Do they not know the effect these killings have on them, alongside their male counterparts?

Whilst they are not males, they feel every stab, bullet, pain those men take.

They are clearly not men but, alike men, they are subjected to the same oppression and hate
By those police officers who are meant to protect and exercise discretion?
Sandra Bland, Tanika Anderson, Natasha McKenna, Sarah Reid, Korryn Gaines.

Just five of the women who have fallen victim to a violent policing system, our hearts stiffen; police brutality has no gender code.

The black woman has slowly ‘become’ weakened, desensitized, fearful, dragged through the ground, her independence harassed and her courage snatched.

And so she slowly begins to crack, dismissing the stereotype that is attached to her.

Diamond Reynolds and Quinyetta McMillan were both women, both black, shootings left them numb, face blank.

These shootings further desensitized them, left them digging for feelings only God could completely understand.

Diamond, Philando Castile’s girlfriend, had livestreamed his blood-covered arm, and we felt every trickle and final breath.

Her later arrest was salt to existing injury, how could she compose herself, suppress any feelings of fear she might have had?

His daughter, four years old, in the backseat, played a painful witness to her father’s unjustified and unlawful death.

Is this fair?

Nightmares of her father, terror she forever harbours, the bullets from the trigger missed her, but her memories of her father are blood stained.

The stereotype of the ‘strong black woman’ is projected onto a young girl who is clearly pained, but has to show ‘strength’ and restraint.

Quinyetta, mother of Alton Sterling’s eldest son, now bears the burden of raising her son alone; lone mother, and scarred son.

She is an expected pillar of strength, but will this remain? She is clearly pained but has to show ‘strength’ and restraint. They bear the burden of uncertainty, futures determined by those who project coercion. Both females, although not shot, not wounded, felt the after effects of that gun.

Again, the ‘black woman’ is perceived to be strong, independent, angry, and other adjectives that emphasise her flaws unbearably.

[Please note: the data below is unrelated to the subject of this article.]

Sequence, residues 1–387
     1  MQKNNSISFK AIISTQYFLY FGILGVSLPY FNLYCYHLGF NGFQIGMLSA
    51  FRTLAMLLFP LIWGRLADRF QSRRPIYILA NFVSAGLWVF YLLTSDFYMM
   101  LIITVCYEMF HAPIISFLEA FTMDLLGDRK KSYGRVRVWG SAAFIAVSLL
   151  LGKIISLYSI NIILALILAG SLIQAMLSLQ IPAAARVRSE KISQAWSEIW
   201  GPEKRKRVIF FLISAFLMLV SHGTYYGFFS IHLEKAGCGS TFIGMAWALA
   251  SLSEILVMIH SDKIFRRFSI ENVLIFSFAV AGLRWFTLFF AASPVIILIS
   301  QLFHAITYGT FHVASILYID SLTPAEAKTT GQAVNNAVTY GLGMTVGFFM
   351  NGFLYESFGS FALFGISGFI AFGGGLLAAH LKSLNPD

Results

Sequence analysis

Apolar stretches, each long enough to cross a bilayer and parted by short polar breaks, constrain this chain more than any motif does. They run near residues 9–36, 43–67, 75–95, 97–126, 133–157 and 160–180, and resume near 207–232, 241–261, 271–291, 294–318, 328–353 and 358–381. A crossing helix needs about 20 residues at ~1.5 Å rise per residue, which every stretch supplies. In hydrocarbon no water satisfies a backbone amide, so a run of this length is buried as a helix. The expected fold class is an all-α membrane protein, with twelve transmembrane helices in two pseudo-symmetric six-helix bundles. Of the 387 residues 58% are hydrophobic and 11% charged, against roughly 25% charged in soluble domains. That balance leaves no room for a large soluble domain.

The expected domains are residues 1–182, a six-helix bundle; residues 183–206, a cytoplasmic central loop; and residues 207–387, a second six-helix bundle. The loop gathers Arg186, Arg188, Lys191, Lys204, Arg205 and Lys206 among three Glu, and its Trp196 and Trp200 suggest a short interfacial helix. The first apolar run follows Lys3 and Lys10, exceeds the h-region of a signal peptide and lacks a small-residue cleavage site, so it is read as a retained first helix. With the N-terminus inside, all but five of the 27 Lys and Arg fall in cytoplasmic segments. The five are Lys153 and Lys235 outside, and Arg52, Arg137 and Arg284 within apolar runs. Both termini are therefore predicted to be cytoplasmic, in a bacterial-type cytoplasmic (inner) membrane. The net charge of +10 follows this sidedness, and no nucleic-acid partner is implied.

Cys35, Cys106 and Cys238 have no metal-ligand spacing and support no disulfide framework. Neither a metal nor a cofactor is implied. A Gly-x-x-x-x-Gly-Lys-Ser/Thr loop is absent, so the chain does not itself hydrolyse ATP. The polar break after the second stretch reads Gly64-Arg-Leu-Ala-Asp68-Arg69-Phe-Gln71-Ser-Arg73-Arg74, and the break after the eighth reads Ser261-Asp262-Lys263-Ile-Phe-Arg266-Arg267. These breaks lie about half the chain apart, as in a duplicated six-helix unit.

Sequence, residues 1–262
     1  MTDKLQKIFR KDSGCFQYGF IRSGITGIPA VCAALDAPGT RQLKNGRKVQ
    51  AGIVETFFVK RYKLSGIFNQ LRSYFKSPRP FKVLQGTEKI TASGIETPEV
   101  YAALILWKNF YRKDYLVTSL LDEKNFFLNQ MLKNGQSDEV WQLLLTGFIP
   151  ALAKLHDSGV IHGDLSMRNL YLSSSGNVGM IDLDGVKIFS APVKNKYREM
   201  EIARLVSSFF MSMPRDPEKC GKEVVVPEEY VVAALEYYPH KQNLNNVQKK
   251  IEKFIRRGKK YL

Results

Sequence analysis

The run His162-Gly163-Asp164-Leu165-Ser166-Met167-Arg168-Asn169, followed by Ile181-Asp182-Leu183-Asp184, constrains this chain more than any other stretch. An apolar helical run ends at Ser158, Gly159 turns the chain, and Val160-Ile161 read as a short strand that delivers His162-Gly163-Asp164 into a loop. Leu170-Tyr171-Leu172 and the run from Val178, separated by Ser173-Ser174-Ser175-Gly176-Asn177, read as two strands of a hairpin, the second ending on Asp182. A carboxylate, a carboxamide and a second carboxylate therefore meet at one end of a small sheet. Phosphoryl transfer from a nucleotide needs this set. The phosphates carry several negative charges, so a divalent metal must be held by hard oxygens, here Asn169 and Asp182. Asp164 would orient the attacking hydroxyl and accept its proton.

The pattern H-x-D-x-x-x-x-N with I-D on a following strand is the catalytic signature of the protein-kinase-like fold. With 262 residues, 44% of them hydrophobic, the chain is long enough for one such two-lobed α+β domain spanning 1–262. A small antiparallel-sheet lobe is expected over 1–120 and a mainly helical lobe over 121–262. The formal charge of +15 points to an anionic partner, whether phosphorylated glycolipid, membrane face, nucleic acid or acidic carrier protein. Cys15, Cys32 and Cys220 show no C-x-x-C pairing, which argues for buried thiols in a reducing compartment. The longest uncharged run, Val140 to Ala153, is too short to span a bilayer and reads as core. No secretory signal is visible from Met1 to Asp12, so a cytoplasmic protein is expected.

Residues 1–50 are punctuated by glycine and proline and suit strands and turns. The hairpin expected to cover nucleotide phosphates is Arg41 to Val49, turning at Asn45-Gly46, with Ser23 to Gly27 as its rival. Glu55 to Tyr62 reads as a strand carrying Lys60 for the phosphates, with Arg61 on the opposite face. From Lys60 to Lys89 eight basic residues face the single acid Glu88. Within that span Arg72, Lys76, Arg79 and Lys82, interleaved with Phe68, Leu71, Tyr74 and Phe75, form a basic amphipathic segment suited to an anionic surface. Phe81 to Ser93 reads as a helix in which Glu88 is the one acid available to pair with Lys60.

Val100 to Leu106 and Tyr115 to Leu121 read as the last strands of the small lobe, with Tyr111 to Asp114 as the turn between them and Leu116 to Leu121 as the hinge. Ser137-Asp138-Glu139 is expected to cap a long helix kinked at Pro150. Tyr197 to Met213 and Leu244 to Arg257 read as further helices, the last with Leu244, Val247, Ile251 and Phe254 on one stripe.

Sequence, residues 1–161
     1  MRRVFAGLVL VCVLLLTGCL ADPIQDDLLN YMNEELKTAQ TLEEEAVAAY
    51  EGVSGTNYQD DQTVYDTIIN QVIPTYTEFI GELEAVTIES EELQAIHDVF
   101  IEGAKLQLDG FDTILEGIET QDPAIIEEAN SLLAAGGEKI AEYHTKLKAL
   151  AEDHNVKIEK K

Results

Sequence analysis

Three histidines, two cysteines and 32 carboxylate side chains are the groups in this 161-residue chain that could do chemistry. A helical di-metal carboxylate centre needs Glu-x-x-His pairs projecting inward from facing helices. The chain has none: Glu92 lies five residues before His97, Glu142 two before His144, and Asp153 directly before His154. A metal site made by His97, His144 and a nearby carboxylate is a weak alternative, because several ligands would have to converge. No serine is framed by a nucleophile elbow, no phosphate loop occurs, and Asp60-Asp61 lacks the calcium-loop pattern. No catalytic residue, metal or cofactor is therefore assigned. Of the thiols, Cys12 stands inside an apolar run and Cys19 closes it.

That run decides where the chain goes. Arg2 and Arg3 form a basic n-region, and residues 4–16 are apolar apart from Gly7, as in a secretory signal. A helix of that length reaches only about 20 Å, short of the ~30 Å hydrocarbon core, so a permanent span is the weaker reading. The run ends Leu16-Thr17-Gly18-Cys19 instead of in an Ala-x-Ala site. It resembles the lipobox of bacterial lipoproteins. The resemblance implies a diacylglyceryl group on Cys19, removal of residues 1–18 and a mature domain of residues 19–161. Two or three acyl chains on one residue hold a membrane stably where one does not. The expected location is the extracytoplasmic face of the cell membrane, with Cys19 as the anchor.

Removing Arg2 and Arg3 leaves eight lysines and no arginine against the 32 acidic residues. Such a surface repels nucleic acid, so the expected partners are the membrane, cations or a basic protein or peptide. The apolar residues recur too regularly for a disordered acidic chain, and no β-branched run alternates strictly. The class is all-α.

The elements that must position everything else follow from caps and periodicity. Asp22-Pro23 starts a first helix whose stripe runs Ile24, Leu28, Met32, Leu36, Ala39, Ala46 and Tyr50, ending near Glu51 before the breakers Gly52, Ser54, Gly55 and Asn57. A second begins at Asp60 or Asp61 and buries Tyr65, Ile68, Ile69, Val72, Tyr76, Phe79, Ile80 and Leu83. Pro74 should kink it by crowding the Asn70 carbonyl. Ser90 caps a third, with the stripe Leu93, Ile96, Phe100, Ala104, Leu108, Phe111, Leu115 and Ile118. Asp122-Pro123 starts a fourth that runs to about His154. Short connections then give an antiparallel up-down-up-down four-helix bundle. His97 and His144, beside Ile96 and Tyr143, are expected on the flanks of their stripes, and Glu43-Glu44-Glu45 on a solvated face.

How, in these socio-political circumstances, can they maintain their strength in these situations of pain and uncertainty?

These women are confused, infuriated, distraught, numb and, in these circumstances, the black woman tragically crumbles.

These women, and black women around the globe, share a collective struggle, share solidarity in these cross-border troubles.

The struggle of the black woman is essentially universal, from London to Lagos, America to Anguilla, internal, external and hurtful are their everyday struggles.

As black women, as a collective they suddenly fear, panic and feel the pain every black woman clutches close to her chest.

As black women, they collectively identify with their fears, and understand their intense feelings of despair,

Oppressed they are, distressed they feel, heartbroken, they sink.

Alex Otubanjo is currently a Second year Politics and International Studies student. She has an interest in race, gender and sociology which she likes to express through spoken word poetry and prose.

[1] Collins, P. H. (2005). Black Sexual Politics: African Americans, Gender, and the New Racism. New York: Taylor & Francis.

[2] Collins, P. H. (2005). Black Sexual Politics: African Americans, Gender, and the New Racism. New York: Taylor & Francis.

[3] Johnson, H. & MacKay, J.. (2014). Pornographic eroticism and sexual grotesquerie in representations of African American sportswomen. In G. Dines, & J. M. Humez (Eds.), Gender, race and class in Media: A critical reader (4th Edition ed.). United States: Sage Publications.

[4] Collins, P. H. (2005). Black Sexual Politics: African Americans, Gender, and the New Racism. New York: Taylor & Francis.